Isaiah 64:1-4; Jeremiah 33:14-16;
Isaiah 40:1-5; Isaiah 40:6-9
Zephaniah 2:13-20; Isaiah 7:10-16;
John 1:1-5; Matthew 1:18-25
In the first lesson this morning, written some 2700 years ago, I imagine Isaiah turning his gaze heavenward, peering into the mystery of the ages, raising his hands in exasperation, and calling out, “O that you would tear open the heavens and come down.”
That’s the cry of Advent, a lament lifted in this season of waiting and hoping. As we have heard, the other ancient prophets each say essentially the same thing: the human community needs help from beyond. Aren’t they speaking for all of us, these many centuries later? O, that things would change. O, that we would end violence and treat one another with respect. O, that we would overcome poverty and disease and hunger. O, that we would collaborate to protect the earth.
O that you would tear open the heavens and come down.
The basic point of Christmas can get lost in the seasonal crush. The birth of Jesus is the sign, once and for all, that God has “torn open the heavens and come down.” Isaiah even gives the sign a name: Emmanuel – God is with us.
The way the prophet expresses Advent hope, it sounds as if he expects big things to happen, and all of a sudden. Wouldn’t we want that, as well– all the wrongs in the world, all the fear and animosity, all the anxiety and pain and broken places in our lives, abruptly resolved? But Christmas doesn’t happen like that. It slips in gently in the night, its way lit by a star, in the rustle of angel wings, landing softly in our hearts.
There are little signs of that tender good news all around, if we but look for them. Every light strung on the tree, every candle lit, every carol sung, every nativity scene carefully arranged, every line in the Christmas pageant proudly announced, every gift given, all say, in one way or another, God is with us.
To say God is with us is to say we are not alone. That was the message on Friday as hundreds walked slowly through the streets of Westminster’s neighborhood in the 38th annual Homeless Memorial March. They carried signs with the names of 153 Minnesotans who died while unhoused this past year.
We are not alone. We are not forgotten. Love has come. God is with us.
Christmas has immediate and personal impact, as children everywhere will gladly tell you. It has cosmic significance, as well. If we are not alone, neither is anyone else. “The Light is the Light of all people,” John says, telling us from a distance of 2000 years that God did tear open the heavens and come down – for the entire human community.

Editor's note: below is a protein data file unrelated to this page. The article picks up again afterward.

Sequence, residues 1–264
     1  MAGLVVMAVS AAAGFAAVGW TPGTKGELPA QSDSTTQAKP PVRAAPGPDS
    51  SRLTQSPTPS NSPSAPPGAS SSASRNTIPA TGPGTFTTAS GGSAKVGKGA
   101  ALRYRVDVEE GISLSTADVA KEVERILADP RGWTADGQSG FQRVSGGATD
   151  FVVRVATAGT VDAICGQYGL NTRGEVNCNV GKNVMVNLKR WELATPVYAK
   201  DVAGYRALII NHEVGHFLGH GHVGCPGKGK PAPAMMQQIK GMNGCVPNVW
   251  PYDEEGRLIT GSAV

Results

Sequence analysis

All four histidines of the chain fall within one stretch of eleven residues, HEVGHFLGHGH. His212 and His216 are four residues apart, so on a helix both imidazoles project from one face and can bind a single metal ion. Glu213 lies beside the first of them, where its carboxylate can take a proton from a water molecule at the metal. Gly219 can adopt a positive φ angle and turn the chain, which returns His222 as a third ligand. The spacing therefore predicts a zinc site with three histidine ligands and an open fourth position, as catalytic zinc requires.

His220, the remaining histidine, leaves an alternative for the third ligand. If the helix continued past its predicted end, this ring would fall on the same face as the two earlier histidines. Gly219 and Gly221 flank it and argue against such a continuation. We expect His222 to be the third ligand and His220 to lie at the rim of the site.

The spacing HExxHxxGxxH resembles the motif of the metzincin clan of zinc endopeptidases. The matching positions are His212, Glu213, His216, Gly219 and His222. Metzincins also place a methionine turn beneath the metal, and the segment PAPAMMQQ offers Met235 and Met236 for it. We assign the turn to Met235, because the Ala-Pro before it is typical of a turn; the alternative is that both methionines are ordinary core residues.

What happens in incarnation is universal. Christmas doesn’t belong only to us. It signals something far beyond our capacity to contain or limit, to describe or even understand. The Word has taken on flesh and now dwells among us, among all of us. That Word is love, and as people who read the lessons and sing the carols of this season, we have a certain responsibility to show that love, the love that leads to the justice for which prophets long ago and people now cry out.
God is with us. Finally. It’s urgent news. There’s nothing mundane about it. That’s why the angel tells Joseph not to give up and quietly end his relationship with Mary. She will need him to help raise the child – and besides, this is no ordinary child, the angel says. “You are to name him Jesus, for he will save his people from their sins.”
As Matthew tells it, Joseph is the first to understand the historical significance of the child Mary is carrying. It’s in the name. “Jesus” is the Greek form of the Hebrew name Yeshua, meaning “one who saves.” Joshua, the successor to Moses, brought God’s people through the Jordan into the land of promise. This latter-day Yeshua will do the same: the child Jesus comes into the world to save people from themselves – and we need that more than ever today!
Names matter. Isaiah the prophet said they should call the one who is to come Emmanuel – after all, that’s how the saving work of Jesus will be accomplished, as God with us.
When we listen to the texts of this season, there are many other names and titles: Righteous Branch, Wonderful Counselor, the Word, Bread of Life, Mighty God, Light of the World, Good Shepherd, Prince of Peace, Wisdom, Key, Root, Christ, the Way, the Truth, the Life, Morning Star, Messiah, Dayspring, Chief Cornerstone, Redeemer, Alpha and Omega, Son of God, child of Mary.
Whatever names we call the babe born at Christmas, they all point to the same saving reality: God has heard the cry of the people and pulled back the veil of divine anonymity to make an entrance into history.
It’s not a particularly grand entrance. In fact, it’s downright humble – but isn’t that how love comes into the world and into our lives, not in triumph and power, but more like a child reaching out to us, perhaps from a manger, inviting us to be the light for which we long, the light the world needs?
And now we don’t have to try to do it all on our own. God is with us.
Thanks be to God.